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Computational Fluid Dynamics and Data-Based Mechanistic Modelling of a Forced Ventilation Chamber

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Computational Fluid Dynamics and Data-Based Mechanistic Modelling of a Forced Ventilation Chamber. / Tate, Oliver; Wilson, Emma Denise; Cheneler, David; Taylor, C. James.

In: IFAC-PapersOnLine, Vol. 51, No. 15, 2018, p. 263-268.

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@article{fe2d6f5ecb1c4b81ad0d29e459134c25,
title = "Computational Fluid Dynamics and Data-Based Mechanistic Modelling of a Forced Ventilation Chamber",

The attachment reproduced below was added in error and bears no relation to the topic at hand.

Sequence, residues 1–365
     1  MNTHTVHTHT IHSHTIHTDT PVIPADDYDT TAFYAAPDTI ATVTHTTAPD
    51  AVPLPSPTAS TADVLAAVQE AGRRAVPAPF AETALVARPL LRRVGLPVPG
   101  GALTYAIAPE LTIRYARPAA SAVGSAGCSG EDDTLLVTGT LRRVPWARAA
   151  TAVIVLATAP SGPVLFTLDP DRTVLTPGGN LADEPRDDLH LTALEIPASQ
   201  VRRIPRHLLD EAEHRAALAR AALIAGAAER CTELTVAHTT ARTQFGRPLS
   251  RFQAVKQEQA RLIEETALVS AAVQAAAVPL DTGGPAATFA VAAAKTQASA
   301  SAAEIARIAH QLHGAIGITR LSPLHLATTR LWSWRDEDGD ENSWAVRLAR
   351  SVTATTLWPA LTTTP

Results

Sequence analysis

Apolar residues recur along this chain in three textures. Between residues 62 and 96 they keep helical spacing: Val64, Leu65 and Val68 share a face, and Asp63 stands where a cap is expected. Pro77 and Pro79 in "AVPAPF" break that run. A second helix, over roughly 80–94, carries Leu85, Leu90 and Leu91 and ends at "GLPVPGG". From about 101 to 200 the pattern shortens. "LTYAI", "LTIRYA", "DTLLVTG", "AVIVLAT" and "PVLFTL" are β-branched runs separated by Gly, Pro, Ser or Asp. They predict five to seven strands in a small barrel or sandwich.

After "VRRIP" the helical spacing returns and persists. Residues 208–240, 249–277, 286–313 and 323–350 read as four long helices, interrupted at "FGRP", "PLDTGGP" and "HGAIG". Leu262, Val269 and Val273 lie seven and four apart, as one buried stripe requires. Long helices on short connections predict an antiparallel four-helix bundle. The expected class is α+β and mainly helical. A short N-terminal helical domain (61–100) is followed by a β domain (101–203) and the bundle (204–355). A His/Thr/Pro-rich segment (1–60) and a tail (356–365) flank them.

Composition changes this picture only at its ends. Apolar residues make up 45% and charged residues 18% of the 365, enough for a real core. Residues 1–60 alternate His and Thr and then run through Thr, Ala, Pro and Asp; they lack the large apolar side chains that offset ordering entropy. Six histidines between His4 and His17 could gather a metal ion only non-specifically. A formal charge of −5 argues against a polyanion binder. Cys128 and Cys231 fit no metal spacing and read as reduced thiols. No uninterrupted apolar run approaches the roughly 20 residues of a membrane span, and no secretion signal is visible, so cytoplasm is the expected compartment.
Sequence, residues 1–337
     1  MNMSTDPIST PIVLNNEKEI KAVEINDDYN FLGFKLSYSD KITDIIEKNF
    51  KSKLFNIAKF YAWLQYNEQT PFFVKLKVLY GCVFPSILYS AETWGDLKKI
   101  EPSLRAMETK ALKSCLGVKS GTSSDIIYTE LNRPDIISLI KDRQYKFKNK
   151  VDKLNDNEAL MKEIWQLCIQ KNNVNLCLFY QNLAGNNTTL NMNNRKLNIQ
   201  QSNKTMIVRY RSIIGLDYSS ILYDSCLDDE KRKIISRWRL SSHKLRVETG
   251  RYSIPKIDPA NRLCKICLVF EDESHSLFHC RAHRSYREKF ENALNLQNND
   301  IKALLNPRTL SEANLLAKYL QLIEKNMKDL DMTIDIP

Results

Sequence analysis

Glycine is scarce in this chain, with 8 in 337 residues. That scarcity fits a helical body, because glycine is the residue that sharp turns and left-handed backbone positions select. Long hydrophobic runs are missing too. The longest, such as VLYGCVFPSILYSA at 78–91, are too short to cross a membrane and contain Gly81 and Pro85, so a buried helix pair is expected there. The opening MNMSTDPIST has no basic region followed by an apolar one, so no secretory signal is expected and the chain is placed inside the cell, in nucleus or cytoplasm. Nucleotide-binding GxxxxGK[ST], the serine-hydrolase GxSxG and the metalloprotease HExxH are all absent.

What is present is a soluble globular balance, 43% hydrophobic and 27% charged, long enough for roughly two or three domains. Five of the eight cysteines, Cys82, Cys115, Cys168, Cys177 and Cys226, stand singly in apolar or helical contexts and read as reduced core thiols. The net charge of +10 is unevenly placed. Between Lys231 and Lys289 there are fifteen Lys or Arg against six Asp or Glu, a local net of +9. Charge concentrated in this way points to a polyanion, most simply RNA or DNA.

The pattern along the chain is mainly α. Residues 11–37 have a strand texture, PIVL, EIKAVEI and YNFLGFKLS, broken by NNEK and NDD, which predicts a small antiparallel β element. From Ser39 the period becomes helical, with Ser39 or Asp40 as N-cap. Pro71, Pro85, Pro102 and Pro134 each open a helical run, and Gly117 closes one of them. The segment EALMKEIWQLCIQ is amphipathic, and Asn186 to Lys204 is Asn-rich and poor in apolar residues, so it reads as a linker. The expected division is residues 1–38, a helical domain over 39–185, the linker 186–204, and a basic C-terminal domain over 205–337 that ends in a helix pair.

abstract = "The research behind this article ultimately concerns control system robustness and optimisation for the regulation of temperatures in multiple buildings that are linked to a controllable external heating supply network. Lancaster University campus is being used as a case study, for which the building management system provides data. Nonetheless, situations arise when it is difficult or expensive to obtain suitable data for specific rooms or buildings and, in such cases, computational fluid dynamics (CFD) models are utilised to investigate relevant heat transfer phenomena. Such models can be limited by their complexity and they are inappropriate for model-based control design. Hence, the present article investigates a hybrid approach based on both CFD and data-based mechanistic (DBM) models. DBM models are obtained initially from statistical analysis of observational time-series but are only considered credible if they can be interpreted in physically meaningful terms. A laboratory forced ventilation chamber is used to investigate the modelling issues arising and to make recommendations relating to the wider project. The chamber is first discretised into finite volumes and the associated Navier--Stokes equations are solved to determine the physical properties of each zone. The model responses are compared with experimental data and analysed using the DBM approach.",